IN THE COURT OF CRIMINAL APPEALS
OF TEXAS




NOS. 1543/1545-02

 

GHOLAMERZA GHARBI, Appellant

v.


THE STATE OF TEXAS



ON APPELLANT'S PETITIONS FOR DISCRETIONARY REVIEW
FROM THE ELEVENTH COURT OF APPEALS
DALLAS COUNTY

Hervey, J., delivered the opinion of the Court in which Keller, PJ., Meyers Keasler, Holcomb and Cochran, JJ., joined. Meyers, J., filed a concurring opinion in which Cochran, J., joined. Price, Womack and Johnson, JJ., concurred.

 

OPINION



Appellant was convicted of violating the same protective order on two occasions. State law, in relevant part, defines the elements of the offense of violating a protective order as a person who knowingly or intentionally goes near the residence of a protected individual in violation of an order issued under the Family Code. See 25.07(a)(3)(A), Tex. Penal Code. The issue presented in these cases is whether the evidence is sufficient to support a conviction for this offense when the charging instruments contain an unnecessary allegation. We decide that the evidence is sufficient to support appellant's two convictions for violating a protective order.

The records in these cases reflect that appellant was the subject of two protective orders that were issued by the same court in a divorce proceeding between appellant and his wife. One order prohibited appellant from going within 500 feet of the residence of his wife (Evelyn), and the other order prohibited him from going within 500 feet of the residence of their minor daughter (Ivana). Ivana lived with Evelyn in the residence listed in the protective orders.

An information charged appellant with violating Ivana's protective order on May 5, 2000, and another information charged him with violating the same protective order on May, 17, 2000. For example, the information in cause number 1545-02 alleged that "on or about" May 17, 2000, appellant:

did unlawfully then and there intentionally and knowingly go to and near the residence of [Evelyn], a protected individual, at [a specific address] in violation of an order issued, to-wit: by the 292nd District Court of Dallas, Texas in Cause Number CV0000285-V, signed by the Court on April 13, 2000, which order is outlined in Section 4 thereof, to-wit: Going to or within 500 feet of the residence of [Ivana], to-wit: [the same specific address] and any subsequent address that may be taken during the pendency of this protective order except as ordered in writing by a District Court of Dallas County, Texas.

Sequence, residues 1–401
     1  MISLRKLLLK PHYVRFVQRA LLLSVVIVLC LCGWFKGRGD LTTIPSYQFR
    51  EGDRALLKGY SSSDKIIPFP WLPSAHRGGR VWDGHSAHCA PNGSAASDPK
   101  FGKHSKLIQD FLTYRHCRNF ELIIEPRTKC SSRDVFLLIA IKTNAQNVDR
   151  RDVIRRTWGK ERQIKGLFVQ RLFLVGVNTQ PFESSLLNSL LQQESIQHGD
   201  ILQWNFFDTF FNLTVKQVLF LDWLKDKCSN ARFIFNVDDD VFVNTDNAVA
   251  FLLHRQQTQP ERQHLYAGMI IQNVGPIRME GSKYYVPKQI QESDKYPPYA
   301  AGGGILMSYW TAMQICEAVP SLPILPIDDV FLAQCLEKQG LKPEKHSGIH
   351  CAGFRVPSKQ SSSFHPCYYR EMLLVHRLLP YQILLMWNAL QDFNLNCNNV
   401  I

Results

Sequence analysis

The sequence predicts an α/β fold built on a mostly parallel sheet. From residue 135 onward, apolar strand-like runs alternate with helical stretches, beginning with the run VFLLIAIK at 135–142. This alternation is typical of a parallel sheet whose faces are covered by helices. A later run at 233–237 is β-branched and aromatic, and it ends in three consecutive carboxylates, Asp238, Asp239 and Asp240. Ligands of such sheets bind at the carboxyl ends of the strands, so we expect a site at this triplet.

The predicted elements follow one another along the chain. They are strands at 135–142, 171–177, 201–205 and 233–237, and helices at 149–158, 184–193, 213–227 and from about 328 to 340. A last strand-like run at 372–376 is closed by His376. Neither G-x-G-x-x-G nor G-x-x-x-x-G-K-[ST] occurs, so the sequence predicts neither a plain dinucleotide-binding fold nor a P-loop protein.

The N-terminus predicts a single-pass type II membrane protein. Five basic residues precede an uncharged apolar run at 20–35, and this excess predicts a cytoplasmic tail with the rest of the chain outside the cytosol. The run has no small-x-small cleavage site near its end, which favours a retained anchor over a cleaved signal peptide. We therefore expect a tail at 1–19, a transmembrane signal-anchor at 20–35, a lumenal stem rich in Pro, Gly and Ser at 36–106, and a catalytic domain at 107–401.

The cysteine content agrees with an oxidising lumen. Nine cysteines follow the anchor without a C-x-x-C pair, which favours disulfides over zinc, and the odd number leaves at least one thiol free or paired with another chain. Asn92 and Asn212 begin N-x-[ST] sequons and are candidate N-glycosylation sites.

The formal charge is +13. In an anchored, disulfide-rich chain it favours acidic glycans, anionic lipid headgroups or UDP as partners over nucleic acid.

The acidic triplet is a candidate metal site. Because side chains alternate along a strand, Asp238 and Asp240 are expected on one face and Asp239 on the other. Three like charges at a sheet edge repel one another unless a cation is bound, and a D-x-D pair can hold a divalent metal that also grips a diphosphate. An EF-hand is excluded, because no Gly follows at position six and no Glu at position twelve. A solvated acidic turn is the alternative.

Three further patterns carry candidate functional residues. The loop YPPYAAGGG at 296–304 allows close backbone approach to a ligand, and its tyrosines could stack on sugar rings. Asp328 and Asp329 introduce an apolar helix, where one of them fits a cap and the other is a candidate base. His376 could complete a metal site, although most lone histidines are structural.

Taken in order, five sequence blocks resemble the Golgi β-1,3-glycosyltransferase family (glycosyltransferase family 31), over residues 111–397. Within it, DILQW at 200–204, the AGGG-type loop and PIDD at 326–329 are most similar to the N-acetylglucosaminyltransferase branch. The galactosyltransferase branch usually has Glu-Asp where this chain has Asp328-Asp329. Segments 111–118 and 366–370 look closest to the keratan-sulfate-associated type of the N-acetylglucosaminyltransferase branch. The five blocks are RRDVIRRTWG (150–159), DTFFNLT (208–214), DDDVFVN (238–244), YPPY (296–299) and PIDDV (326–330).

Evelyn testified at both trials that she obtained a protective order for herself and one for Ivana. Evelyn also provided testimony over the course of both trials that on May 5th and May 17th appellant came within 500 feet of the residence listed in the protective orders. Ivana's protective order was admitted into evidence at both trials. The jury charges in both trials were consistent with the allegations in the informations.

The sufficiency issue in these cases centers around the allegation in the informations referring to Evelyn as "a protected individual." On direct appeal in both cases, appellant claimed that a variance between this allegation and the proof at his trials was "fatal" rendering the evidence insufficient to support his convictions. The Court of Appeals rejected this claim in a single opinion that disposed of both cases. See Gharbi v. State, Nos. 11-01-00020-CR & 11-01-00021-CR, slip op. at 5 (Tex.App.-Eastland, May 30, 2002) (nonpublished).